Elephants need to be able to access other elephants when they desire.

  1. Enclosure Size

Elephants are migratory animals. They are used to traveling over hundreds of acres. In fact, the home range for wild African elephants can extend up to 11,000 square kilometers. Female Asian elephants’ range can extend up to 400 square kilometers. The area is smaller because of the dense foliage they travel through.

With this in mind, the more space a sanctuary is able to provide the better. However elephants are usually provided with enough food and water. This means that they won’t walk around as much because they don’t have to.

Ethical elephant sanctuaries have a large enclosure and give plenty of space for the elephants. Thy ensure that the elephants walk several kilometers a day on soft ground. They can also participate in other physical activities. Movement and exercise helps alleviate boredom and reduces aggression.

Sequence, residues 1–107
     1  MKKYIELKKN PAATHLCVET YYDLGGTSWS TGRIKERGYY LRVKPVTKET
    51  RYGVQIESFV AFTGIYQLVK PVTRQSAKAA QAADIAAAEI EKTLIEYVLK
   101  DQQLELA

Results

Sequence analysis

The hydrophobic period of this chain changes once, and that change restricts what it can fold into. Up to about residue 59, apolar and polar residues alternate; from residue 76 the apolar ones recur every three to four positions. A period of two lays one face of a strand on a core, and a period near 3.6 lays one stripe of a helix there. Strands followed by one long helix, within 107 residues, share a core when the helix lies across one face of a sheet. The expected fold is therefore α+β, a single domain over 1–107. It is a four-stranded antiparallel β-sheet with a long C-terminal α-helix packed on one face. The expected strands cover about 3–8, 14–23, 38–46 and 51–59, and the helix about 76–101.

Discovering Ethical Elephant Sanctuaries

More and more, people are learning that elephants have complex physical, social, and psychological needs. Although no captive situation is perfect, ethical sanctuaries strive to provide elephants with the best possible conditions.

Find and support ethical elephant sanctuaries instead of boycotting all sanctuaries. in this way you’re giving mahout’s the ability to continue caring for elephants. They can go about their business in the right way while sustaining their culture and way of life. A single elephant consumes 550 pounds of food a day and costs about $18,000 a year to support.